Australia's unemployment rate reached its highest levels in more than two decades in June at 7.4 per cent, but a relaxing of COVID-19 restrictions meant more people were actually employed or looking for work.
Close to a quarter of a million people entered part-time employment in June, according to the latest figures from the Australian Bureau of Statistics (ABS).
The number of people employed in full-time jobs decreased by 38,100, but on the balance there was a rise of 210,800 in employment overall.
The underemployment rate decreased by 1.4 percentage points to 11.7 per cent, but remained 2.9 percentage points above March.
"The easing of COVID-19 restrictions in June saw an extra 280,000 people in the labour force, with more people in employment, and more actively looking and available for work," ABS head of labour statistics Bjorn Jarvis said.
"Overall, the percentage of people employed in Australia increased 1.0 percentage point to 59.2 per cent, up from a low of 58.2 per cent in May.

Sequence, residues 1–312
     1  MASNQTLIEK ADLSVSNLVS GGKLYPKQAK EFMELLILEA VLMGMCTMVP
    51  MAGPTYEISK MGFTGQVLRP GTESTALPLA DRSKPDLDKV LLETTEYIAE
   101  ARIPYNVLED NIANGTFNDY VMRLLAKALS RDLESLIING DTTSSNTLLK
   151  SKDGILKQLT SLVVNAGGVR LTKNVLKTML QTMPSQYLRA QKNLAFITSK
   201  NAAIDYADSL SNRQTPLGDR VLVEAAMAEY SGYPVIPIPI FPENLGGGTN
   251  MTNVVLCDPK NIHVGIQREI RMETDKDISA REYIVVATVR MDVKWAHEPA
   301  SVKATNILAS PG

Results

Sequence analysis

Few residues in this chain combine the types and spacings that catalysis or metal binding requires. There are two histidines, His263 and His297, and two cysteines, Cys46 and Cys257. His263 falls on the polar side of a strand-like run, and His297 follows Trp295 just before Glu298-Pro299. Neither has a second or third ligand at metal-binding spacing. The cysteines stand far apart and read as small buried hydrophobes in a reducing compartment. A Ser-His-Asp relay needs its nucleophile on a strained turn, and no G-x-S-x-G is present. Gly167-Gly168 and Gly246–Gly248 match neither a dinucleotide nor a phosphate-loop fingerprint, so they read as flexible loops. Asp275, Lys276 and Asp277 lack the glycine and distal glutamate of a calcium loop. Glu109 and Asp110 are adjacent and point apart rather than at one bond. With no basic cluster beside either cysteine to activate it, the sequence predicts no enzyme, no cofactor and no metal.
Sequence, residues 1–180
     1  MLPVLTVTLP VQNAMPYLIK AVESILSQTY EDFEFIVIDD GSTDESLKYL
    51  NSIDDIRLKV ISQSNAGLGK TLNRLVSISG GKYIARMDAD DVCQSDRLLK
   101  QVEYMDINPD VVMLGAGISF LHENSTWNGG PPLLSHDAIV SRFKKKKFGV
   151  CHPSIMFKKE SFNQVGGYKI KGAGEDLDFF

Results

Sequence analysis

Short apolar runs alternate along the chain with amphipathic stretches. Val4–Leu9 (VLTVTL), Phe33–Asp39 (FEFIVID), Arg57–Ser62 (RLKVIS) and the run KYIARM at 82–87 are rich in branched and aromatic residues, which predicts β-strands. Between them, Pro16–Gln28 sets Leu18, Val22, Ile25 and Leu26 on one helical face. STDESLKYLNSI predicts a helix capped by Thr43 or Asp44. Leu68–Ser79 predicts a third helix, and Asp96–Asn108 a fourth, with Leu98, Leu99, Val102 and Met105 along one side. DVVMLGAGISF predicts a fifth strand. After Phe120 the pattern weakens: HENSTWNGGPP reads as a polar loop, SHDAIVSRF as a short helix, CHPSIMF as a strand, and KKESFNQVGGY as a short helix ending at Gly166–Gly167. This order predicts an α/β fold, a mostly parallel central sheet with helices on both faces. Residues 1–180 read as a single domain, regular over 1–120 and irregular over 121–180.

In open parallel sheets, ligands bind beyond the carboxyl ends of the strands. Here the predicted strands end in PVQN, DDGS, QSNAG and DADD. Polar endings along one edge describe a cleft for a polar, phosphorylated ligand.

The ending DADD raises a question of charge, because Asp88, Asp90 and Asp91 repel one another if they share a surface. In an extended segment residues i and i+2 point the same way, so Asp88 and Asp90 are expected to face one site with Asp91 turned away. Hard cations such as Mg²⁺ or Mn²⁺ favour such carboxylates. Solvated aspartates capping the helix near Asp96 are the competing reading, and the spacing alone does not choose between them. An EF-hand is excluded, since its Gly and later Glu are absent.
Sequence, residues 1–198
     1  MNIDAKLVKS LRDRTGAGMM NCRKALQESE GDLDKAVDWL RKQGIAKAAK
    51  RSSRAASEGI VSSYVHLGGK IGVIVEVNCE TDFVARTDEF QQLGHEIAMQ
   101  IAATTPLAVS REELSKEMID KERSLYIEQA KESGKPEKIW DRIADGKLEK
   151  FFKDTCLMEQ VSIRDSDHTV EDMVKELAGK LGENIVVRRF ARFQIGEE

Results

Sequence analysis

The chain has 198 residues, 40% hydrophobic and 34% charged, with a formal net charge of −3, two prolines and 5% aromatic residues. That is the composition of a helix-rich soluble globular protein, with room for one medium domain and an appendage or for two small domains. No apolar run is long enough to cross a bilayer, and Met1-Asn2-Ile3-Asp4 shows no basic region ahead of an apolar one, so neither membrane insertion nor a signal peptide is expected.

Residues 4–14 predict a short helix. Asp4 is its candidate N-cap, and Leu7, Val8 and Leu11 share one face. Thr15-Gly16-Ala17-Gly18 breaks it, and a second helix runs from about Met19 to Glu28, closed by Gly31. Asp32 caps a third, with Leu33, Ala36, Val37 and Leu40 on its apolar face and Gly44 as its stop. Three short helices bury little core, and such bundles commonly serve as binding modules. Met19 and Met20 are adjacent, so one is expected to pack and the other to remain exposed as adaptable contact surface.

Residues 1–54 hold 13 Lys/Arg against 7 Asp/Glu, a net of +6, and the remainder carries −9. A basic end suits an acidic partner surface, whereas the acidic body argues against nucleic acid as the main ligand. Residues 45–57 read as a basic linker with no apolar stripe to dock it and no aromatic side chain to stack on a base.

"In June, around 24 per cent of the fall in employment through to May had been regained."
The nation's hours worked increased by 4 per cent, which is still 6.8 per cent short of March levels.
Hours worked increased more for females (5.0 per cent) than males (3.3 per cent) over the month, although the differential compared to pre-coronavirus circumstances is greater for women by almost one percentage point.
Unemployment increased by 69,300 people to 992,300, and around 70 per cent of newly unemployed people in June were not in the labour force in May.
The underutilisation rate, which combines the unemployment and underemployment rates, fell 1.0 percentage point, to 19.1 per cent.
Updated at 10:02am AEST on 17 July 2020.
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